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Matthew Miles described professional development as it existed 1995 when he wrote the foreword for Thomas Guskey and Michael Huberman’s book, Professional Development:

"A good deal of what passes for 'professional development' in schools is a joke-one we would laugh at if we were not trying to keep from crying.  It is everything that a learning program shouldn’t be: radically under resourced, brief, not sustained, designed for 'one size fits all,' imposed rather than owned, lacking any intellectual coherence, treated as a special add-on event rather than part of a natural process, and trapped in the constraints of a bureaucratic system we have come to call 'school' (p. vii).

What do you think?  Is Professional Development in 2015 still a joke?

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I worked in the '80s for an educational service agency that sells professional development programs to school districts. My observation was that most of the PD programs failed to meet teachers' perceived needs for one or more reasons:

  • Teachers were required to attend a program on particular professional development day regardless of whether any offering that day met their needs.
  • A typical program was an introduced a topic or program but didn't give enough depth that the teachers could use it without a great deal of work on their own.
  • Programs that focused on information teachers could use immediately tended to be supplemental activities rather than the core competencies that teachers must teach well.

A conversation I recently overhead between two teachers who had attended a professional development day program the week before suggests there have been no significant changes since the 1980s.

Linda,

I agree 100% and really appreciate your insights.  I have also noticed that in higher education settings, teachers often feel that the "generic" concepts of improving teaching and learning do not directly link to their subject discipline concerns.  Because teachers are often feeling overwhelmed with work loads and program specific problems, the relevance or association is nebulous.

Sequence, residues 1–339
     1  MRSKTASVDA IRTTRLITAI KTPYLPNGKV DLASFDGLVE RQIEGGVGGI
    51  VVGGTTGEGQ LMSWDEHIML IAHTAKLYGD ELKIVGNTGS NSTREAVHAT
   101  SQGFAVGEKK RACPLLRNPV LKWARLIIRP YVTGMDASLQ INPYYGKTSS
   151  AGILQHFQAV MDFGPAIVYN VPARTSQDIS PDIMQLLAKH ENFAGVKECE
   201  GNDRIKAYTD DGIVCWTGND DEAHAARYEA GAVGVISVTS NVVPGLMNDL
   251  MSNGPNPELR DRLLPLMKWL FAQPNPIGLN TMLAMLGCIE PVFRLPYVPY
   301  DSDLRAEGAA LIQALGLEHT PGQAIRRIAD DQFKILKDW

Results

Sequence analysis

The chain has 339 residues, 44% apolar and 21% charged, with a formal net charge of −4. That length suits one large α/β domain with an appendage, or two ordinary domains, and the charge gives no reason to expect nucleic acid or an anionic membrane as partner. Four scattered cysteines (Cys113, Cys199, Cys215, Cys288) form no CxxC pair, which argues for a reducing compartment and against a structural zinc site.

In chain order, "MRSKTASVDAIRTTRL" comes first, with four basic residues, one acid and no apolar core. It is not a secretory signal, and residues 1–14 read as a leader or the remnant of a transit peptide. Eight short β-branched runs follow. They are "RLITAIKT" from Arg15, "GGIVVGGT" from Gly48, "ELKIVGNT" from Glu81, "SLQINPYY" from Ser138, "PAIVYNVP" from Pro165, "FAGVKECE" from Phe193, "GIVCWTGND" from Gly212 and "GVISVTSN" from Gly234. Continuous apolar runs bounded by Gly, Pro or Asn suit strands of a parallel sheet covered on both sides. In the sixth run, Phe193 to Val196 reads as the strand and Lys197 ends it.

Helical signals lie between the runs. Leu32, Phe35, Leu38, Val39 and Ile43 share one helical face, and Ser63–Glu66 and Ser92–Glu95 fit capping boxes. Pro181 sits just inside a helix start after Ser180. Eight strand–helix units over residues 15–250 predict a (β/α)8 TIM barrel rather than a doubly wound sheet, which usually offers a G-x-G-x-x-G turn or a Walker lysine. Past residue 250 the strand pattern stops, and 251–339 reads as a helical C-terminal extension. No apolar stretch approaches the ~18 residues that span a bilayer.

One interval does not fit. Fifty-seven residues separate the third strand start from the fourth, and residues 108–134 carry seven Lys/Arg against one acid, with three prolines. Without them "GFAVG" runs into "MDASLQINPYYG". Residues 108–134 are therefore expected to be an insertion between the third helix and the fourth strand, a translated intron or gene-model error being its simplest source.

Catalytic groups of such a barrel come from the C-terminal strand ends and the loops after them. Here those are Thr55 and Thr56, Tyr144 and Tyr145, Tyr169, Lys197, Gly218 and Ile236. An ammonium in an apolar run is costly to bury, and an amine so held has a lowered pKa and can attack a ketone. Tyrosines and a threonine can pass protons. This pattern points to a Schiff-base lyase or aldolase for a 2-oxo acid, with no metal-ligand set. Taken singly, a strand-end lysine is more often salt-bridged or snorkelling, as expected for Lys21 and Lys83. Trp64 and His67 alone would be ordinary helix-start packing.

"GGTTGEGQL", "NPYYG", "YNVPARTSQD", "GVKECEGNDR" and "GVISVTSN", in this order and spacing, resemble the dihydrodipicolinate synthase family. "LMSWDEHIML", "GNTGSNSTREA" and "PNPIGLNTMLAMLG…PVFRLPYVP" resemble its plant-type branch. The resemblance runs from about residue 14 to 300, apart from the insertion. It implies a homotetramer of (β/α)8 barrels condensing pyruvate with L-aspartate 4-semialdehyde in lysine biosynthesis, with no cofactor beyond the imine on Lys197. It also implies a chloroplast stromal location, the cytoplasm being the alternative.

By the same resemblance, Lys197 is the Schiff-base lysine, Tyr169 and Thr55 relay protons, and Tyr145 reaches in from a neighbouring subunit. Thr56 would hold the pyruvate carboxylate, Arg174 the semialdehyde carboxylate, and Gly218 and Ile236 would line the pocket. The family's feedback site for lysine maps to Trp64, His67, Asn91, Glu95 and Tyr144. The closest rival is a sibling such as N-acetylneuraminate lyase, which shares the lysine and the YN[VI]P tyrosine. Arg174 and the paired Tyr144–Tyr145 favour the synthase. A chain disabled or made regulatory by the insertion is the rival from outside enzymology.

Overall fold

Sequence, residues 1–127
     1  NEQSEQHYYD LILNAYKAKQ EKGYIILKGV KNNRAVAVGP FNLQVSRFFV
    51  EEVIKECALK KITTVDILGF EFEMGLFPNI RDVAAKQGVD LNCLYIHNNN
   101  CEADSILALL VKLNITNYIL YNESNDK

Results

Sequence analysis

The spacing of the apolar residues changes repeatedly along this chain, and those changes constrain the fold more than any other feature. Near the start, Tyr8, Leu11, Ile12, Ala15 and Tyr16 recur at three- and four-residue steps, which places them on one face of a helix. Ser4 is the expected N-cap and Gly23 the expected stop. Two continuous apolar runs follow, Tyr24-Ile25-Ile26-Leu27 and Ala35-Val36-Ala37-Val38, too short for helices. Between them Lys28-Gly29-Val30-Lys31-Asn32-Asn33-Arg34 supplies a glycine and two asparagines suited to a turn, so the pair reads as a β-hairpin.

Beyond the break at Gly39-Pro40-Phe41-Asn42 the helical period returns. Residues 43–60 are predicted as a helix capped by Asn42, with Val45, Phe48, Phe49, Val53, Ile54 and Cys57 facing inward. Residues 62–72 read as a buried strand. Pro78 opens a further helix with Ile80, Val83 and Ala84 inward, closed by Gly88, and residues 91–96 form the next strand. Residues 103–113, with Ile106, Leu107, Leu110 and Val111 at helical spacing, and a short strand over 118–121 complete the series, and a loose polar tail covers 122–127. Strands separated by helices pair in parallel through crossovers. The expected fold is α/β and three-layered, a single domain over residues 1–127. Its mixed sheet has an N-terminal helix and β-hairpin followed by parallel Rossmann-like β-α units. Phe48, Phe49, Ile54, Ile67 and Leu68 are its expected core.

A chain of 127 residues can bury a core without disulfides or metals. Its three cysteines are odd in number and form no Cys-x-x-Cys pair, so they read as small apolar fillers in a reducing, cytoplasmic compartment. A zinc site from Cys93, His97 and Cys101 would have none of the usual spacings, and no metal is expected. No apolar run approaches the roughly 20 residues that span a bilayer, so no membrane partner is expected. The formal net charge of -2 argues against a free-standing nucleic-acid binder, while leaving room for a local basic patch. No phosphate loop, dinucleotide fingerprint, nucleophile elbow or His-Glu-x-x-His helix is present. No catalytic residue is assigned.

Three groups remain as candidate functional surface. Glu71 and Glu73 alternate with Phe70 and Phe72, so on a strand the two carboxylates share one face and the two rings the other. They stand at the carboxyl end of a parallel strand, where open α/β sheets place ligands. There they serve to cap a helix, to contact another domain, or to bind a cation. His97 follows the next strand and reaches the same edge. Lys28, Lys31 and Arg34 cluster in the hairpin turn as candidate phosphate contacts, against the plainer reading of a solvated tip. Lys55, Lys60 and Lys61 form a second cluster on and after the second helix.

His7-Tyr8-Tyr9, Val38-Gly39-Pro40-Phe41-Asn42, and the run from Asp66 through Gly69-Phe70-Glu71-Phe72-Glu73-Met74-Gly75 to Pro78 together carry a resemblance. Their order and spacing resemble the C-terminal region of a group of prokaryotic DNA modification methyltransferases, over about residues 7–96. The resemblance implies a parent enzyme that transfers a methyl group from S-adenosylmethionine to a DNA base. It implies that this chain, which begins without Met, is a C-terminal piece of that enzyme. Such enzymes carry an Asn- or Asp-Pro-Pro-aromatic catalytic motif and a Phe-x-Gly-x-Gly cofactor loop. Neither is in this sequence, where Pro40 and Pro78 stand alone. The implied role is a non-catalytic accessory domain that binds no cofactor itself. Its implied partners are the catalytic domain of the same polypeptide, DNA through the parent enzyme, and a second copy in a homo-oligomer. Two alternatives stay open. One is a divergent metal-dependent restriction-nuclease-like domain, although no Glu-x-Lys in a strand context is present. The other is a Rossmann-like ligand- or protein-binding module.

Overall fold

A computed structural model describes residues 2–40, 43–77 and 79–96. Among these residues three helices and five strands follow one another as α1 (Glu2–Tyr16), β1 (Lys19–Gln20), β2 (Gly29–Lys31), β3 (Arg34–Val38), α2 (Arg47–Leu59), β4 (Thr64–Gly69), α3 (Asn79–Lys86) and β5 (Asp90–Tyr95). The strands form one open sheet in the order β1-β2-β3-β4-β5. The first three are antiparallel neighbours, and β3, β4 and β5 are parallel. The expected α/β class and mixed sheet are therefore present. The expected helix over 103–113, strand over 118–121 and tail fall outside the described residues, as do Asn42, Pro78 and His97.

Patricia Cranton (2006) stated in her textbook Understanding and Promoting Transformative Learning that educator developers in higher education should be encouraging critical reflection in teachers and not just giving out answers.  I agree with Cranton's perspective.    

One person I've come to depend on for useful ideas in higher ed is  Mary Ellen Weiner, who operates the Teaching Professor Blog at FacultyFocus.com.

Her posts are not limited to my teaching area  (nonfiction writing) but I find a great deal of what she says in my area is either directly useful or gets me thinking about something in a new way.

PD is a source of contention at all levels, from Elementary to Secondary to Admin.  I have been present at some that were immensely valuable and impact-full but also, at others that were a complete waste of time.  Most that were educator directed, with relevant tasks, and had a direct impact on classroom, were valuable.  Those that involve some kind of promotional aspect, like telling people what other people are doing or have done are useless.  Educators want to know the how not the what and who.  There are generally at least a few takeaways from most PD but for the most part the practice needs to be refined and improved such that educators go into the event with an expectation of value and not a waste of time.

Yes, educator directed, relevant, and time efficient are very important at all levels of pd. 

Brady, I  attend many online courses and webinars in fields outside education. From what I've seen, your observation about what people want from professional development, regardless of the field, is "the how not the what and the who."

Interesting question. I tend to agree with the camp that questions the format used in most schools today with the one size fits all presentations rather than working on individual's needs for development. That being said, I can understand how hard that is to accomplish. It might be impossible to do but if days could be set aside for teachers in which all the local Intermediate Units would have a ton of great programs in professional development to choose from, then teachers could choose what they needed.

Our district has gone to a break-out format. Sure, we sit for an hour and listen to someone discuss something that could be presented in 10 minutes. After that, we can pick which session fits our needs as an educator. It is the GREATEST! Then, at our following team meeting we discuss what we learned or how we are using it. Imagine that! We go to professional development and develop and grow. 

"Teachers Teaching Teachers:
Professional Development
That Works"

http://www.educationworld.com/a_admin/admin/admin459.shtml

Thoughts?....

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